Future electronics technology will evolve from rigid devices to bendable, rollable, foldable, stretchable or transparent ones that are wearable like clothes or accessories [1-3]. The first breakthrough in this direction occurred in the form of flexible electronics for a wide spectrum of applications (bio- and medical items, sensors and gadget displays on the textile or clothing electronics and so on). These flexible devices are expected to excel the rigid ones in durability, weight, and comfort. However their development necessitates breakthroughs in materials since in combination with desirable electrical insulating, semiconducting and metallic properties they need flexibility. Recently emerged 2D materials such as graphene, graphene derivates (graphene oxide, fluorinated graphene), hexagonal boron nitride (h-BN), and transition metal dichalcogenides are attractive because of their outstanding electrical and optical properties. Mechanical properties of these materials are different, and only part of them meets the requirements of flexible or stretchable electronics.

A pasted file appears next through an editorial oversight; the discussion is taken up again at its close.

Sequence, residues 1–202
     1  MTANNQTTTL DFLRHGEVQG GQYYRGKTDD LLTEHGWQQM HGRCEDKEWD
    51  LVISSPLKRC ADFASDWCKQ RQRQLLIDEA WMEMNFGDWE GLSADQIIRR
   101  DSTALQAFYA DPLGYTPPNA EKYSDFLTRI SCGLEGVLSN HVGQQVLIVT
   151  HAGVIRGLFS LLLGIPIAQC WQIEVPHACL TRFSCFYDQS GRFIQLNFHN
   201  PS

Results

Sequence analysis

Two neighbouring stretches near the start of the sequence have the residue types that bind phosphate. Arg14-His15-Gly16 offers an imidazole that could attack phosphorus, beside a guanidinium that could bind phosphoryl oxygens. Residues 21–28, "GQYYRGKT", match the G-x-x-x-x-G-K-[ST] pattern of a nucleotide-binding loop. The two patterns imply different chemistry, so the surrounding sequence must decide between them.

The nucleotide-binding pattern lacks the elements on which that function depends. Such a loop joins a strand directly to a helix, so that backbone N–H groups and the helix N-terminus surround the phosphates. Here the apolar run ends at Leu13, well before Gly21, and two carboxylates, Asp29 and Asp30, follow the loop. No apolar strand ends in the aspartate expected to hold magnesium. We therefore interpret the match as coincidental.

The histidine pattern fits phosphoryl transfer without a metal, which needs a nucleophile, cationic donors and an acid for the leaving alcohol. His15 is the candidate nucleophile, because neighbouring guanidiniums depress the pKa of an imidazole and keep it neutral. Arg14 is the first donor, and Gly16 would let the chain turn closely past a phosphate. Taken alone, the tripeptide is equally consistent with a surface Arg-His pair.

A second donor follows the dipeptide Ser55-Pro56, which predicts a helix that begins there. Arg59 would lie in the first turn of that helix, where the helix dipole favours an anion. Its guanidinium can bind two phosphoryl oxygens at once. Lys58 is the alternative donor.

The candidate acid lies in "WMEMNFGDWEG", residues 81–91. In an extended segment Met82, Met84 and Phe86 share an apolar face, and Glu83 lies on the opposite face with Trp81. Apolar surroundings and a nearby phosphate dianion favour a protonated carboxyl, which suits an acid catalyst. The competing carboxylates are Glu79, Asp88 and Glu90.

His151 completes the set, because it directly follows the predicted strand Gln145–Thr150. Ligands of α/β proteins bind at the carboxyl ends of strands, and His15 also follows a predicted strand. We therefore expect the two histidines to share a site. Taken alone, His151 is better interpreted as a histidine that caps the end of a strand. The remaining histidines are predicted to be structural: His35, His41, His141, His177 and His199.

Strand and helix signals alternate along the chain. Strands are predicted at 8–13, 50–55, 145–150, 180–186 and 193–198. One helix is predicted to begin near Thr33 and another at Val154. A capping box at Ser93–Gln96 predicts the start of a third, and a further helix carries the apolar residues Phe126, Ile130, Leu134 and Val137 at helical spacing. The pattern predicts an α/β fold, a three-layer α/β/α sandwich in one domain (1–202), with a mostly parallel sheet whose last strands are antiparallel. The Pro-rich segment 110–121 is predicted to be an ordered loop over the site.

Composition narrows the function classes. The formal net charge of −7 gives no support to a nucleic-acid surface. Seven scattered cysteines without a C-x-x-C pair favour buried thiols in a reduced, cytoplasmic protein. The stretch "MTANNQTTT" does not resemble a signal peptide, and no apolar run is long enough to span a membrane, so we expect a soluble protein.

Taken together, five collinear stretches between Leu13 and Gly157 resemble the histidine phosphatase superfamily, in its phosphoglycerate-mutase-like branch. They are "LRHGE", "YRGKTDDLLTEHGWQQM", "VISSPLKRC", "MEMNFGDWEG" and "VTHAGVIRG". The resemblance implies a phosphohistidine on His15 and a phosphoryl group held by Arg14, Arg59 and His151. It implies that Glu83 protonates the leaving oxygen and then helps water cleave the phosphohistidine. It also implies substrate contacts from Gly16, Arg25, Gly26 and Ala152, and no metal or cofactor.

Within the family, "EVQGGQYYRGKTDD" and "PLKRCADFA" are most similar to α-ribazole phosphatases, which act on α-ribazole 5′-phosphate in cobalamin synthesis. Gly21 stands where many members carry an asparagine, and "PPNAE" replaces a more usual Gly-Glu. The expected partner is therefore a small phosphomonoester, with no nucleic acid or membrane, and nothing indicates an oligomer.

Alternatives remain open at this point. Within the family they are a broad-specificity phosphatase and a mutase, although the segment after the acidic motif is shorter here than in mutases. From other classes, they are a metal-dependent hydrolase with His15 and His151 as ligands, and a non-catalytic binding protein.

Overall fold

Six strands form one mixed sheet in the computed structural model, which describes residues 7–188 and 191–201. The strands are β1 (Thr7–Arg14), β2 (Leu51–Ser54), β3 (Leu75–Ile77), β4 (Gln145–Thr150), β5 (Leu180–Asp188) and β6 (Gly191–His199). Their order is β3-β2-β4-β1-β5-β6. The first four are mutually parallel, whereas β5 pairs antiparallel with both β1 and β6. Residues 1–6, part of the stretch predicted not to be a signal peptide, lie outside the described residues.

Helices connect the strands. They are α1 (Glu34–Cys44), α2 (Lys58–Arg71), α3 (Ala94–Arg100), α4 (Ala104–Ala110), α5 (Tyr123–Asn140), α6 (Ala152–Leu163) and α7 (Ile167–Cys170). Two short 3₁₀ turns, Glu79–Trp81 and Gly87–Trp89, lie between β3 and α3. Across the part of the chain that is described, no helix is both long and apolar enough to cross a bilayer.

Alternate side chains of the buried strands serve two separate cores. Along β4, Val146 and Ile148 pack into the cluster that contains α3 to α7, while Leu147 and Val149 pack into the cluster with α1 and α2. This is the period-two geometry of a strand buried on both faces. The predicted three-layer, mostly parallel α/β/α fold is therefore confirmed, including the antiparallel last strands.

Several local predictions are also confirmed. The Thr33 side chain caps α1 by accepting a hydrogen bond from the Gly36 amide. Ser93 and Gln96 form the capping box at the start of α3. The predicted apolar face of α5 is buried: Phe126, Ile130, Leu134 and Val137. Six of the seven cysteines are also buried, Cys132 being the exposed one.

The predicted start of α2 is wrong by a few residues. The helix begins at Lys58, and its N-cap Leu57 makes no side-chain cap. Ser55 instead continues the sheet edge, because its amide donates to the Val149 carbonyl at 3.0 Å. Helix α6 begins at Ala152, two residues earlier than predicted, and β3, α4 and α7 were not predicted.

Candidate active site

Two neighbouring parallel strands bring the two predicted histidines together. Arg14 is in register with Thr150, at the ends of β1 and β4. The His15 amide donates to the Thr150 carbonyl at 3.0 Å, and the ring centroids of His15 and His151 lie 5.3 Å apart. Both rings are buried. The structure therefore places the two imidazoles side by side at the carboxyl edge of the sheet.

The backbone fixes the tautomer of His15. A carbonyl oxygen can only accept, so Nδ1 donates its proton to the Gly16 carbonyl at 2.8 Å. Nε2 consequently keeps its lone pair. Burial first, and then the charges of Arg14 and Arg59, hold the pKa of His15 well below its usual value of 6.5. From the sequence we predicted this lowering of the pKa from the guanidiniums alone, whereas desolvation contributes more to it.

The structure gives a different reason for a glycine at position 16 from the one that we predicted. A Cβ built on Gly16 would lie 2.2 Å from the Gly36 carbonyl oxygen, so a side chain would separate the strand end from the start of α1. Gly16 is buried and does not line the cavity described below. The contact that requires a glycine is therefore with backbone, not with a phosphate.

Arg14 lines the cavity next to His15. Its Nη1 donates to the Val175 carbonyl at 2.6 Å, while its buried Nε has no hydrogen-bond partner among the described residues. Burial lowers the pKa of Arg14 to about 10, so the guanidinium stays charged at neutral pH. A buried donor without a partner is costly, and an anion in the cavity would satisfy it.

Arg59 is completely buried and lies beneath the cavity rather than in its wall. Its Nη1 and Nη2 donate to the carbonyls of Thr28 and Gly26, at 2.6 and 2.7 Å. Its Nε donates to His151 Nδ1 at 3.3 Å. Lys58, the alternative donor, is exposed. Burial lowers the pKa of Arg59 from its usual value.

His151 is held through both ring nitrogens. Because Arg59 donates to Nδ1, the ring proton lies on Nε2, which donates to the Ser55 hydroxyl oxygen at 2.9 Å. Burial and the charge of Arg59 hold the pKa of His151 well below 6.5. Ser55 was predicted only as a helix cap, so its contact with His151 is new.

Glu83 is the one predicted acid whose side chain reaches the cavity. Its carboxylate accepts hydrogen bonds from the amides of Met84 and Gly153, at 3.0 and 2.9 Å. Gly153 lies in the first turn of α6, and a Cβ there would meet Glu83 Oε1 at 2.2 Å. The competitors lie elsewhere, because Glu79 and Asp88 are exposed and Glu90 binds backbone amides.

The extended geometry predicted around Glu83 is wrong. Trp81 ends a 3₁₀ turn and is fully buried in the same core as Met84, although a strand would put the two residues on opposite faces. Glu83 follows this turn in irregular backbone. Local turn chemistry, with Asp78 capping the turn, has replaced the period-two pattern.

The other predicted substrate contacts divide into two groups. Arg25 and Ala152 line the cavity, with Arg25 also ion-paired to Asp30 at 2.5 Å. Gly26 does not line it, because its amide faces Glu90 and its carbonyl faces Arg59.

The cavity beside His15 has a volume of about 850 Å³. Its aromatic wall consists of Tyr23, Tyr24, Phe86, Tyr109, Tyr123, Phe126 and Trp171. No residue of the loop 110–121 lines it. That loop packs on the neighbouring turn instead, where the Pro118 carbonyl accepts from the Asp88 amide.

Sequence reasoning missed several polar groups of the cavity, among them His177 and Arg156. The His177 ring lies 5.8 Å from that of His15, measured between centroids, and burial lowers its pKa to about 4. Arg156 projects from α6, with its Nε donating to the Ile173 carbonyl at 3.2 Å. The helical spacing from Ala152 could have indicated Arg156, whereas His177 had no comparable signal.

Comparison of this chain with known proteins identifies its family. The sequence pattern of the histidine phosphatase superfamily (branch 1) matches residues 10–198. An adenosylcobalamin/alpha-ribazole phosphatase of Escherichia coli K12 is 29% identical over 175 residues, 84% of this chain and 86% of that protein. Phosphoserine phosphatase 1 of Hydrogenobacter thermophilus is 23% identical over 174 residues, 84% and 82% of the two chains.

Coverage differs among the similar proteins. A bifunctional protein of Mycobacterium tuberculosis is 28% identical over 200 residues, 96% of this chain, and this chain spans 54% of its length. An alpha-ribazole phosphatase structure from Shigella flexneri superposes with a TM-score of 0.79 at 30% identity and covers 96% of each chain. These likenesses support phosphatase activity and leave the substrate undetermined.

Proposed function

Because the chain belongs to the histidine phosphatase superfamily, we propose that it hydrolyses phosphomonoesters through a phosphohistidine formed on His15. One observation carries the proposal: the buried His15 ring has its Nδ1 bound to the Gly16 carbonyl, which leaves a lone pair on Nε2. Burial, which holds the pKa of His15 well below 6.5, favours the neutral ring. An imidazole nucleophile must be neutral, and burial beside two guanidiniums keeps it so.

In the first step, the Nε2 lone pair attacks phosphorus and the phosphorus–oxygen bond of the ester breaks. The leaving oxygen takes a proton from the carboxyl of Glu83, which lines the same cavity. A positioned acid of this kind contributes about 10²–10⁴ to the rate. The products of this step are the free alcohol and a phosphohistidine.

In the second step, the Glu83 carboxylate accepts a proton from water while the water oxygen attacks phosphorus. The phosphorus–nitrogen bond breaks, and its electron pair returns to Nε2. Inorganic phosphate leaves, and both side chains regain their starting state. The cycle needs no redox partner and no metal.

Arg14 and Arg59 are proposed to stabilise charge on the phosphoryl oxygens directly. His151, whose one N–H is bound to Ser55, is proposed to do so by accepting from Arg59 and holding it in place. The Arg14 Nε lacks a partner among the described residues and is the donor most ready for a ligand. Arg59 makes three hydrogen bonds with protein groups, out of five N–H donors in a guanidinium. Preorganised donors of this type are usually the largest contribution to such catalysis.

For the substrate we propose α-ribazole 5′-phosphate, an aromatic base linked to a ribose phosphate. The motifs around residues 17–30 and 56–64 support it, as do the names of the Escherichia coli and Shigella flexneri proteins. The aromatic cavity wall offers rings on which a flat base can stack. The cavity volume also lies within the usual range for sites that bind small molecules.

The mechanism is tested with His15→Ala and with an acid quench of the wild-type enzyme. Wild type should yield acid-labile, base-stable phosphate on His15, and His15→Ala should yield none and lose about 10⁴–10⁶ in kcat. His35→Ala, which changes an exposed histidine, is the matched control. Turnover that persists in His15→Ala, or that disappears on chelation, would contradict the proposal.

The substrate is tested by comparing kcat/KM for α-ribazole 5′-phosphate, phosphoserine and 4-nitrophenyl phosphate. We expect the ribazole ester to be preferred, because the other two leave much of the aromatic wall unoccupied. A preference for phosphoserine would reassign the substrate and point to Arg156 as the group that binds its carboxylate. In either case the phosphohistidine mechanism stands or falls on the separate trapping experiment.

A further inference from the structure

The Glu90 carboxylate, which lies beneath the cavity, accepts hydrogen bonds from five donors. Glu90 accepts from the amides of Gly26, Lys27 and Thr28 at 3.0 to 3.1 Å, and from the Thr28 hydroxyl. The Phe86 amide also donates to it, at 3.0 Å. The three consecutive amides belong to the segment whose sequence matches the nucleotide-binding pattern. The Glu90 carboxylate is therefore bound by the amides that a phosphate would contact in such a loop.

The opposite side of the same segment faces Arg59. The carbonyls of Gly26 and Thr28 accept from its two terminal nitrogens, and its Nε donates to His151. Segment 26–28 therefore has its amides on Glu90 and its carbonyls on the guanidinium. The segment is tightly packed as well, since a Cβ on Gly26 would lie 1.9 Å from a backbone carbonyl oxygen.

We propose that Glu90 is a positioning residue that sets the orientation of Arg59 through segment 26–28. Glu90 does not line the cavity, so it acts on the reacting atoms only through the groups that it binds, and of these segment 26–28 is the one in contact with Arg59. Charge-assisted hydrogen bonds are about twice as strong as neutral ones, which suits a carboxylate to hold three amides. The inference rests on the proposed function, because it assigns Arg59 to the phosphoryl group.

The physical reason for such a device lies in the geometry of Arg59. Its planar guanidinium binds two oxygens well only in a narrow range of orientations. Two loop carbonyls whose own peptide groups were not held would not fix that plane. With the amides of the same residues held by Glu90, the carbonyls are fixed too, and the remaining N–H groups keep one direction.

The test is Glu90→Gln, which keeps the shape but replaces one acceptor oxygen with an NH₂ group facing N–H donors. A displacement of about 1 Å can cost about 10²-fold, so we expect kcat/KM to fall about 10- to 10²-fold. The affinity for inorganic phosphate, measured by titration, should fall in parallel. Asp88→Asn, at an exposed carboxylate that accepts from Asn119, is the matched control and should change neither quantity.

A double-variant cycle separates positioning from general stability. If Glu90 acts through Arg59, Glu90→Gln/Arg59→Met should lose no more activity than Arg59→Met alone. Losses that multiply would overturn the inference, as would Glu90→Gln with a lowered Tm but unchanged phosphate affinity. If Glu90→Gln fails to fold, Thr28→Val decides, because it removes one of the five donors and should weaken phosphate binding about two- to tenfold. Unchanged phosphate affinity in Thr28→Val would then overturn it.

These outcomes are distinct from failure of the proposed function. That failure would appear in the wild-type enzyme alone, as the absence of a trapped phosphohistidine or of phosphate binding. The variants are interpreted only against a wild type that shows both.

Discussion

Graphene based printed electronics is also a recently emerged and a fast grown field that has attracted large scientific and technological interest for the past few years. Graphene presents great promise as an active layer in wide spectrum of devices of flexible electronics and, first of all, in field effect transistors. Recent reports demonstrate successful realization of graphene field effect transistors (FETs) on flexible or even on stretchable substrates [4-8]. To achieve such applications the development of optimized dielectrics for the graphene active layer is critical (gate and interlayer dielectrics or/and substrate for graphene). The carrier transport in graphene films takes place at the interfaces with the dielectric or the semiconductor; therefore, the quality of such interface and the interaction with nearby dielectric layers (charge carrier scattering) determine the device performance. Nevertheless, the development of dielectric materials that can achieve high-performance device operation, good mechanical properties, and low-temperature fabrication is not well established because the graphene thin film is very sensitive to surface conditions of dielectric layers .